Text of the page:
List of prices of medieval items
Courtesy of Kenneth Hodges ([email protected])
The list of medieval prices which follows is by no means complete or thoroughly researched; I merely extracted references from some of the books I have, and I thought others might like to inspect it. The sources I used are listed at the end. If an item is listed several times, it is because I had several references I wished to record.
Money goes as follows:
1 pound (L) = 20 shillings (s)
1 crown = 5 shillings
1 shilling = 12 pence (d)
1 penny = 4 farthings
1 mark = 13s 4d
The French Livre, sou, and denier are equivalent to the pound, shilling and penny (Latin liber, solidus, and denarius, I believe, which is where the weird English abbreviations come from).
For ease, I've divided this list into the following sections: tools, horses, food and livestock, books and education, buildings, cloth and clothing, armor, weapons, marriage, funerals, travel, miscellaneous goods, and wages.
Of course, a price list is a misleading guide to a feudal economy, because so many goods were either produced within a household, or supplied by a lord. Retainers could get money, but they would also get food, lodging, weapons (sometimes), and cloth. Knights Templar were provided with clothes, horses, and armor.
Note: Horse prices varied dramatically; for instance, they doubled
between 1210 and 1310. (, p. 37).
Related note: around 1380, these are the average costs per day of feeding
people on an estate (, p. 65): lord, 7d; esquire, 4d; yeoman, 3d; and
* Source says 2s/day. This is not only insanely high, but the text also
claims that the board was the same as at Oxford--i.e., 2s/week or
** A pecia is 16 columns of 62 lines of 32 letters, i.e., 31 744 letters,
or about 7 500 - 8 000 words. Rental period is not specified, but I
would guess a year; books were rented to be copied, and copying the Bible
took 15 months. See , p. 172.
note: tithes were often calculated at 1d a week for every 20s of annual
rent paid (4, p. 208).
The following are the estimates of raw materials and labor that went into
the tower of Langeais, a rectangular, tapering stone tower built in 992-
994. The source is , pp. 47ff. The dimensions at the base were 17.5
meters by 10 meters; the height was 16m (3 floors); the walls were 1.5m
thick, made of two shells filled with loose rock.
Note: loose tunics take 2.25-2.5 yards. In the late 14th century,
shorter doubled (lined) tunics, known as doublets, became fashionable,
requiring 4 yards (, pp 175,176).
Note: mail is chainmail; almost all the rest is plate-armor. The armor of the knight in 1374 was probably mail with some plates; same for Gloucester's. Mail was extremely susceptible to rust, and was cleaned by rolling it in sand and vinegar in a barrel. Pauldrons are shoulder plates; morions are open helms, burgonets and bascinets closed helms; and a target refers to any of a number different kind of shields. Armor of proof is tested during the making with blows or shots from the strongest weapons of the time; if a weapon is listed, the armor does not claim to be proof against everything, only that it is proof up to that weapon's strength (eg pistol proof is not musket proof, but may be sword proof). All plate armor was lined with cloth, to pad the wearer, quiet the armor, and reduce wear between the pieces. This, along with the necessary straps, was a significant amount of the expense. An armorer asking for money to set up shop in 1624 estimated production costs and profit for a number of different types of armor: I give two examples below (, pp. 189-190).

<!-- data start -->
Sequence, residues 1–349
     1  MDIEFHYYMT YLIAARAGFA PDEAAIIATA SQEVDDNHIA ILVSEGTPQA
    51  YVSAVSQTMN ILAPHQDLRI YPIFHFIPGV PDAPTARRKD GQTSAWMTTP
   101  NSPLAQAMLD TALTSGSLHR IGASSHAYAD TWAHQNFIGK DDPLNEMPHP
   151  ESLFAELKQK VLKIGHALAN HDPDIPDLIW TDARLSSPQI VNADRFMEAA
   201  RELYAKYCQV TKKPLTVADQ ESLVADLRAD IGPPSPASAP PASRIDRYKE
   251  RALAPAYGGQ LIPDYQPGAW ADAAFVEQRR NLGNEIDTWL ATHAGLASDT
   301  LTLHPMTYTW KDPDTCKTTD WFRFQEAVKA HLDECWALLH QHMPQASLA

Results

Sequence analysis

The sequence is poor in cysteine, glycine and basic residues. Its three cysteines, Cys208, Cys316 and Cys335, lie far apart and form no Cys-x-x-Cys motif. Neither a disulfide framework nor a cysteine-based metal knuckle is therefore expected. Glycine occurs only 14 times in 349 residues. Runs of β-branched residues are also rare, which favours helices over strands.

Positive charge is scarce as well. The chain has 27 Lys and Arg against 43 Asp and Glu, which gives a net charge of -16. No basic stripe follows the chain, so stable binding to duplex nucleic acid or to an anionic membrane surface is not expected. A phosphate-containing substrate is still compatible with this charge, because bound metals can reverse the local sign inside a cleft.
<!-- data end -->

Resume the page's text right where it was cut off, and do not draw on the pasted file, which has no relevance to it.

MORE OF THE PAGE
Note: Sorry, folks, that's all I found. It was mandatory in England for all freemen to own certain types of weapons and armor. (In 1181 every freeman having goods worth 10 marks (1 mark = 13s 4d) had to have a mail shirt, a helmet, and a spear. All other freemen should have helmet, spear, and gambeson (quilted armor) , p. 39.) Later, the government stored arms and armour in churches for use; in the 13th century anyone with an income of L2-L5 (wealthy peasants) had to have bows; archery practice became compulsory on Sundays and holidays. You may know that the extreme range of the longbow was 400 yards, but did you know that a statute of Henry VIII no one over 24 could practice at a range of less than 220 yards? (See , p. 95 and elsewhere). Note: for guessing prices, see the section on tools (an axe for 5d). An armorer might make 24s a month; say a week to make a decent sword, and you might get a price that way. See the section on books and education for fencing instruction.
Note: these costs will be wildly varying depending on circumstance.
Note: Christopher Dyer gives as a rough rule of thumb 1 year's income for
a funeral (, p. 85)
Note: , pp 126-129, gives the following prices at an inn in 1331. For
one day, 3 men with 4 servants spent: Bread, 4d; beer, 2d; wine 1.25d;
meat, 5.5d; potage, .25d; candles, .25d; fuel, 2d; beds, 2d; fodder for
horses, 10d. The four servants staying alone sleep 2 nights for 1d.
Generally, all 7 spend 2d a night on beds; in London, it is 1d per head.
Note: most of these come from inventories of peasants' belongings. The
fine goods would be more expensive.
Note about lighting: great houses could use 100 lb of wax and tallow in a
single winter night (, p. 74). Others, not as rich, would go to sleep
Note: sheriffs of London paid 300L per year, hoping to make a profit from
the fines they collected.
Note: 30 adult sheep could produce about 20s of wool per year in 1299
(, p. 114).
Note: To get a VERY ROUGH sense of money, I reproduce the following chart
from Dyer (, p. 206). These are averages of daily wages in pence.
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